United Tribes News Speech Archives
Testimony of David M. Gipp
President, United Tribes Technical College
Before the United States Senate Indian Affairs Committee
Field Hearing on "Operation Dakota Peacekeeper"
Standing Rock Reservation
Monday, August 4, 2008
Chairman Dorgan and Vice-Chairman Murkowski:
Thank you for the opportunity to present brief testimony today in support of a continuation of provision of adequate law enforcement resources for the Standing Rock Sioux Tribe. As a citizen of the Tribe, and as President of United Tribes Technical College in Bismarck, of which Standing Rock is one of the managing tribes, I first want to thank Senator Dorgan for assisting in initiating the effort to improve law enforcement on the Standing Rock Reservation through Operation Dakota Peacekeeper.
My purpose in being here is to advocate for a longer range solution to the issues of providing law enforcement officers within the Tribal Nations in the Northern Tier of states in Indian country. Our Tribes need more than a new shift of 20 officers every 30 days as provided by Operation Dakota Peacekeeper. We truly need permanent resources to allow all the Tribal Nations in the Northern Tier of states to obtain a sufficient number qualified law enforcement officers to meet their needs, and we also need to be able to train those officers locally at Tribal colleges such as United Tribes Technical College in Bismarck and other nearby tribal colleges.
We have had some recent success in reaching agreement with the Bureau of Indian Affairs about law enforcement training opportunities that provide an alternative to the Artesia, New Mexico facility. In May, 2008, after seven years of negotiation, and at the direction of the Congress, UTTC was able to enter into an Memorandum of Understanding (MOU), as attached, between itself, the American Indian Higher Education Consortium (AIHEC) and the Bureau of Indian Affairs (BIA), which sets forth a mechanism for cooperation regarding the possibility of training BIA and tribal law enforcement personnel at the Tribal colleges, and particularly at United Tribes. The MOU was executed by then Assistant Secretary of Indian Affairs, Carl Artman, and we appreciate his efforts.
We are encouraged by this development, and have learned that the BIA may already be planning on acting on this MOU by placing a high level BIA official at UTTC in the coming weeks. Nevertheless, we do request your assistance, as Chair and Vice-Chair of the Committee on Indian Affairs to make sure the BIA follows through with the efforts outlined in the MOU. We believe local training is one critical component that will, with adequate resources, make Operation Dakota Peacekeeper a permanent success.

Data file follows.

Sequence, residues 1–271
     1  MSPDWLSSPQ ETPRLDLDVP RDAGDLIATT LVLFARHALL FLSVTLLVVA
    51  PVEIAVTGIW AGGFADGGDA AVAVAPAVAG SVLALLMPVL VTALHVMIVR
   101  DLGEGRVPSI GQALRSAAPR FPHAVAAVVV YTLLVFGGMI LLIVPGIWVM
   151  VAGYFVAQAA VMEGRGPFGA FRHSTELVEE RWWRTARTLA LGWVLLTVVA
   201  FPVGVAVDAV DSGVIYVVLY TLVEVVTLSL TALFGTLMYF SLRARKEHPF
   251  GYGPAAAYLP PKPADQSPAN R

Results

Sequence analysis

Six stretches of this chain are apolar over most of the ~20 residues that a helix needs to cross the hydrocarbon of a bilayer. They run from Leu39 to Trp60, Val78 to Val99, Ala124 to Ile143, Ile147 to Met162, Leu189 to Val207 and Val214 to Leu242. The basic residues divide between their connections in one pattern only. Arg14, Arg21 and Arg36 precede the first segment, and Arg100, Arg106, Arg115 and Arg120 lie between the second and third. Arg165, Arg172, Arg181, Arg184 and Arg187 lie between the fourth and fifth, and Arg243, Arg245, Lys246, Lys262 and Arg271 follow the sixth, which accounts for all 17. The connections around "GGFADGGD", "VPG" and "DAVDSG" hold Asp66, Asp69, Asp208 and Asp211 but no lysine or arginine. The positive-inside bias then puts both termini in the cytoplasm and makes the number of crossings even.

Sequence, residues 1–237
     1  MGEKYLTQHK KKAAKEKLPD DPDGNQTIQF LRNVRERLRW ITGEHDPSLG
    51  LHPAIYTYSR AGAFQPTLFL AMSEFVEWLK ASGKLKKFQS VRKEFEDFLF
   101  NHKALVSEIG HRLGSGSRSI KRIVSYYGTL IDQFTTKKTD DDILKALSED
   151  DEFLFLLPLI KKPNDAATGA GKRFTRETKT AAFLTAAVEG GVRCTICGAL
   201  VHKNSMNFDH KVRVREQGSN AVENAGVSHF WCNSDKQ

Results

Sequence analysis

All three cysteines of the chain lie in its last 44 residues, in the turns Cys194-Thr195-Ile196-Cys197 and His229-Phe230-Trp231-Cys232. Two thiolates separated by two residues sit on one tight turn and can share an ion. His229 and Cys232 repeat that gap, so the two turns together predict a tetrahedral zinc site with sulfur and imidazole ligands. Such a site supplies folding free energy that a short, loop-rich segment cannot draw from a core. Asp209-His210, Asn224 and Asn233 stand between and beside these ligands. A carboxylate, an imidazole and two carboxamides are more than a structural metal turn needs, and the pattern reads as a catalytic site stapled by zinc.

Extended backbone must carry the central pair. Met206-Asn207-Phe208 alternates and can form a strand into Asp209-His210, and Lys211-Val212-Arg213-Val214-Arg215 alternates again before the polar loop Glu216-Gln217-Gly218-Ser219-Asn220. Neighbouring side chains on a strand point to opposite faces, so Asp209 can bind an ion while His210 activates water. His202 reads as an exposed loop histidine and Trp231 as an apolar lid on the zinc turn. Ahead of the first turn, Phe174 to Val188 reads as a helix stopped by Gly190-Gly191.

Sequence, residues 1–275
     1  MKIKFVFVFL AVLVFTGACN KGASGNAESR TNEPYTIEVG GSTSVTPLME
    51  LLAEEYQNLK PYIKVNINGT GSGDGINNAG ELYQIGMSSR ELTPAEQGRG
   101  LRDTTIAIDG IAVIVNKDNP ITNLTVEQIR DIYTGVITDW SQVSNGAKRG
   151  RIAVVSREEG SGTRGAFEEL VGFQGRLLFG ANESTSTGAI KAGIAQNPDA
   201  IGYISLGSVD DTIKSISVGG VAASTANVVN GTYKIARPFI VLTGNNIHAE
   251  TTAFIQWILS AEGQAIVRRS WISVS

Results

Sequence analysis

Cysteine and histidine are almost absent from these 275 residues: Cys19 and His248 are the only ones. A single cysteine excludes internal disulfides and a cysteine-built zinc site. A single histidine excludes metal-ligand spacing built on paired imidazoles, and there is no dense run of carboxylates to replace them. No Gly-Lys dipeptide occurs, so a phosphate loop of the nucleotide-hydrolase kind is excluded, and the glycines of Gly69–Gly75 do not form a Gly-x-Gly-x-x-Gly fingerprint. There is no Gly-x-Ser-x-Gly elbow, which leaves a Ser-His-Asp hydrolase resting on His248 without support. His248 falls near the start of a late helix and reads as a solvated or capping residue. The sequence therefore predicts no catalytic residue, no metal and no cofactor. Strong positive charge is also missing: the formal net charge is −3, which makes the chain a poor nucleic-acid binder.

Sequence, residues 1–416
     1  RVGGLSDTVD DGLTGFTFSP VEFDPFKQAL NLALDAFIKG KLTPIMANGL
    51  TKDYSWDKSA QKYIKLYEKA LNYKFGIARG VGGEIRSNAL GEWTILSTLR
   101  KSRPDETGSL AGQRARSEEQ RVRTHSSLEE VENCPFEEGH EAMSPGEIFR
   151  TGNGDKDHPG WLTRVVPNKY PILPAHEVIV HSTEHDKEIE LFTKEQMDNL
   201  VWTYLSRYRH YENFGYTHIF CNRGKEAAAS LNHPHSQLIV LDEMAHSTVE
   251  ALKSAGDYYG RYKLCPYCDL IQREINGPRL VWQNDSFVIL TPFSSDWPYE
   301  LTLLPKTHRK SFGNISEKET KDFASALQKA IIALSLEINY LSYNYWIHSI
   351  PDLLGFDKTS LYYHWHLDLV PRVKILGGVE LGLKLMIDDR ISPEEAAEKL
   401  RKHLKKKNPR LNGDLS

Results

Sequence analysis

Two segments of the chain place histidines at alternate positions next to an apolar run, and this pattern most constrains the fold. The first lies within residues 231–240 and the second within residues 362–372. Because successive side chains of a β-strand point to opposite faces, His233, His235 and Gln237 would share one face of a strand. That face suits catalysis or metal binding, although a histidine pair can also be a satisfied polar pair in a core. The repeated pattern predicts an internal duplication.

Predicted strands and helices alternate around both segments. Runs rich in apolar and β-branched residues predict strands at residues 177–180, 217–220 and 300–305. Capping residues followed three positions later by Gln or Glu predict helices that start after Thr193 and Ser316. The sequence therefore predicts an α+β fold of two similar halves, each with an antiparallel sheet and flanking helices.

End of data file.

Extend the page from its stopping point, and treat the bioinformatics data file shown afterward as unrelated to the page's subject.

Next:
The purpose of the MOU is to establish a partnership between AIHEC, the BIA and UTTC to provide specialized training for law enforcement officials who serve on Indian reservations. The MOU assists the BIA in fulfilling its mandate under Executive Order 13270 regarding Tribal colleges and universities and promotes cooperation among the parties.
The Northern Tier is where some two-thirds of the Indian Law Enforcement Officers are located. The principal goals of the MOU are to address the needs of the Northern Tier of Indian Country:
- Increase the number of trained and certified law enforcement officers in Indian Country;
- Increase the opportunities available for law enforcement training in Indian Country; and
- Build and sustain the capacity of Tribal colleges and universities to provide law enforcement training that will meet the standards of the BIA
All of the joint projects to accomplish the above goals contemplated by the MOU are not binding on the BIA. To get these projects going will require the support of the leadership of all of Great Plains tribes. Some of the specific activities contemplated by the MOU include:
- Using Artesia's program as a the template, the BIA may develop United Tribes's training facilities and already accredited curriculum to help provide a pilot training program for law enforcement officers that will meet or exceed BIA standards for law enforcement training. Similarly, there can be mutual recognition of accredited colleges such as United Tribes and the BIA Training Academy.
- Using Artesia's program as the template, the BIA may help build capacity to provide law enforcement training at tribal colleges.
- The BIA may place one or more BIA law enforcement officials at one or more college sites to act as trainers or provide the mutual recognition of qualified instructors from the colleges.
- Jointly work to coordinate the development of curriculum and training standards for law enforcement training.
- Jointly work to encourage youth to consider careers in law enforcement.
- Jointly develop partnerships between state, federal and tribal law enforcement agencies necessary to accomplish the objectives.
- Jointly share information between agencies to accomplish the objectives.
The MOU is a good start, but the Tribal colleges also know that the support of tribal leadership in this effort is critical. Thank you for your consideration of this very important MOU. I look forward to working with you further on this issue in the coming weeks, and look forward to helping in any way possible to help make permanent the provision of officers under Operation Dakota Peacekeeper and to help make your recently introduced legislation, the Tribal Law and Order Act of 2008, (S. 3320) a reality.